- Tech Talk Responds: You have several options. If you stay close to the shoreline (less than three miles), you use range extending antennas and amplifiers for both Wi-Fi and Cellular. Units that are more expensive may extend your range to five miles. If you move to blue ocean, you only have two choices: satellite (most expensive, around $4K with $50 monthly subscription, up to $30K) and single side-band (SSB) radio (very low bandwidth, but cheap). SSB Radio is around $600, but the installation could be up to $2,000. You will need a modem ($300) to send email over SSB.
- SSB has a range up to a few thousand miles, requires a tuned antenna, and patience to select the right frequency. All that’s required is a valid Ship Station license and a lifetime Restricted Radiotelephone Operator’s permit. A marine SSB system operates on a marine radio spectrums called shortwave, medium frequency and high frequency (2 MHz-26 MHz). Lower frequencies have shorter ranges because they don’t bounce as well. The higher frequencies can propagate up to four thousand miles. It is an important blue water safety backup.
- Once you get the signal on-board, you can use a Wi-Fi router to provide access to multiple devices at the same time. In your case you only need Wi-Fi and Cellular boosters because you are always within 5 miles from shore while cruising the Chesapeake Bay. Here is a suggested equipment suite.
- Coastal Marine WiFi Anntena connected via Ethernet cable to the POE device that comes with it ($465)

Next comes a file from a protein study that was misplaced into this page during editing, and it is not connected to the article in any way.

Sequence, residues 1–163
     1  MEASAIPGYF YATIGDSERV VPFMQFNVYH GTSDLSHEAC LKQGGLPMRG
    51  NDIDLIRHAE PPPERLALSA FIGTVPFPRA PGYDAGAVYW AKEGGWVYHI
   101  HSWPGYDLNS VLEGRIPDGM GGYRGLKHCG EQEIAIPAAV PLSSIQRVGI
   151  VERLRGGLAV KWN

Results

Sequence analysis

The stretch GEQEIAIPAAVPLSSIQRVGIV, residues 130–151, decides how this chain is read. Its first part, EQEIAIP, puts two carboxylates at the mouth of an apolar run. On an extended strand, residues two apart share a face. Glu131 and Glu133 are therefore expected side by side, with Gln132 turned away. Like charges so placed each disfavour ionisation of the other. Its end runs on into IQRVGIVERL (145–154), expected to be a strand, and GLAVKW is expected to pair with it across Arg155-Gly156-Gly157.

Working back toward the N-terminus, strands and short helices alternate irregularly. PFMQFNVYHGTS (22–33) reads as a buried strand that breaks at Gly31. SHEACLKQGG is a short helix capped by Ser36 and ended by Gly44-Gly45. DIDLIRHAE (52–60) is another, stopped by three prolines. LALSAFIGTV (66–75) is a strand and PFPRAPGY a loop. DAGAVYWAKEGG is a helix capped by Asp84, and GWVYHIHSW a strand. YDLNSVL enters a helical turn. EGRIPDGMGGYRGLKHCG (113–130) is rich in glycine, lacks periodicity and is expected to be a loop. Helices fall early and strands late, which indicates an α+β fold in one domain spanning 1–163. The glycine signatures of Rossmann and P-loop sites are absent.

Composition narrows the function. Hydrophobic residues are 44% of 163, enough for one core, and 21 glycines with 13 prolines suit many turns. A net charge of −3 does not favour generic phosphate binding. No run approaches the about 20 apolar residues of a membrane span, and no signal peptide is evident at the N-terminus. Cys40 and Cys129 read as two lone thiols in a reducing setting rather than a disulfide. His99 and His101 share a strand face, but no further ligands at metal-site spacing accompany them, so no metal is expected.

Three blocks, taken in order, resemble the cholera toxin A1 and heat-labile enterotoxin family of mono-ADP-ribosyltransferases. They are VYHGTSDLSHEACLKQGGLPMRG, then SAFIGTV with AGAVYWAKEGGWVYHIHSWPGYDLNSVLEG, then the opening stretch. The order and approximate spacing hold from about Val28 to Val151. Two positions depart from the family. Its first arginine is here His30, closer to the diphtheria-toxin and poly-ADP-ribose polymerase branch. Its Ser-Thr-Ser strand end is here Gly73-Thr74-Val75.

- Peplink Pepwave Surf SOHO MK3 Router with 1 USB 4G LTE/3G WAN port with automatic failover ($200). Excellent iOS management software.
- Wilson Electronics Marine Dual Band Cellular High Gain Antenna mounted connected via low-loss coax cable ($99).
- weBoost Drive 4G-X Cell phone Signal Booster mounted inside the boat ($479).
- Aircard Sierra 340U USB Modem with unlocked SIM ($199). The USB modem/dongle is then connected to the Wi-Fi Router failover USB port.
- The last piece of this solution was a SIM card, which you will able to acquire through your cellular provider. You can probably add another SIM card to your existing cell phone plan for an additional $10/month and share the data you already have. If you into another country, you can either buy a local pay-as-you-go SIM card or roam at higher rates with your provider.
- If you want a turn key operation (with reduced capability, but still pretty good), you can use the Wirie Pro, for WiFi and 2G/3G/4G/LTE cellular. ($699).
- Email from Joy in Sterling, Virginia: Dear Doc and Jim. I use incognito mode in my web browser to keep my online activities private. I mentioned that to a friend and he said it wasn’t private at all. If he’s right … what’s the point? Love the podcast. Joy in Sterling, VA.
- Tech Talk Responds: Incognito affects only the information stored in your computer. Information stored or seen elsewhere is completely unaffected by Incognito.
- Incognito disables extensions. Browser extensions are one way your activities can be exposed, so disabling them by default makes a lot of sense. You can then choose which extensions you trust.
- Incognito deletes history. The primary function of Incognito mode is that it doesn’t save any history (websites, downloads, searches, cookies, cache).